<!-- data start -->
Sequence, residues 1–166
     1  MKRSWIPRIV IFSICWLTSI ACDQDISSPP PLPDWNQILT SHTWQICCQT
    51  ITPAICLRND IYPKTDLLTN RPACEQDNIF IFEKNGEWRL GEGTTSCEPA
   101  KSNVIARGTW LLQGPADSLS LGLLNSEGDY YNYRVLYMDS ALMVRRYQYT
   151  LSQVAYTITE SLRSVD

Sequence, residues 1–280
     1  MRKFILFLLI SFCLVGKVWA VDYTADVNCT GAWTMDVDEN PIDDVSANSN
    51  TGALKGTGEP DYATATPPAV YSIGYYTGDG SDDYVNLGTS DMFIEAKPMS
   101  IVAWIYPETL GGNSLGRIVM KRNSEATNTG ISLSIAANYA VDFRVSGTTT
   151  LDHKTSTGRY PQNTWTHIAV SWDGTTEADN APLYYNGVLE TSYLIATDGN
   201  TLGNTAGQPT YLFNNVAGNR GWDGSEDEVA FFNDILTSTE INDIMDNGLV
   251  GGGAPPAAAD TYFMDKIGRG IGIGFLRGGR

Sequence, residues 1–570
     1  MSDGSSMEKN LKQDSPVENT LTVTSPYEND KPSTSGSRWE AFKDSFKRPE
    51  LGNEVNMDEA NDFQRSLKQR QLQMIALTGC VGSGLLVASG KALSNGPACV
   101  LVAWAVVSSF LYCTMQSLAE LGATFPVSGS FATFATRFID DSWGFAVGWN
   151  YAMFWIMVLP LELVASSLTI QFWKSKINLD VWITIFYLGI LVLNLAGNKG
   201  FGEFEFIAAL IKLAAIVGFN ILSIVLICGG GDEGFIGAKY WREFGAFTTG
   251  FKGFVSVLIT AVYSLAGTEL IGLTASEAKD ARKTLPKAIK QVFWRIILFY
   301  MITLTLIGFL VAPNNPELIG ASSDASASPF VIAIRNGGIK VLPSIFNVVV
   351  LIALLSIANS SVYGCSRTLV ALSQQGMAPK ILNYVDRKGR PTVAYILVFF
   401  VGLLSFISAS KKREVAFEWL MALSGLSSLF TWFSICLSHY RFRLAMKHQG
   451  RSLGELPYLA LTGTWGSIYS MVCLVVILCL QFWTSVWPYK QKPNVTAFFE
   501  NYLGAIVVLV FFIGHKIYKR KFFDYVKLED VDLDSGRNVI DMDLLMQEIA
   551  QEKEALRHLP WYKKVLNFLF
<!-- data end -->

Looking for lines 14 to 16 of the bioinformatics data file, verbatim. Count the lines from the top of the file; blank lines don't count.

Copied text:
     1  MSDGSSMEKN LKQDSPVENT LTVTSPYEND KPSTSGSRWE AFKDSFKRPE
    51  LGNEVNMDEA NDFQRSLKQR QLQMIALTGC VGSGLLVASG KALSNGPACV
   101  LVAWAVVSSF LYCTMQSLAE LGATFPVSGS FATFATRFID DSWGFAVGWN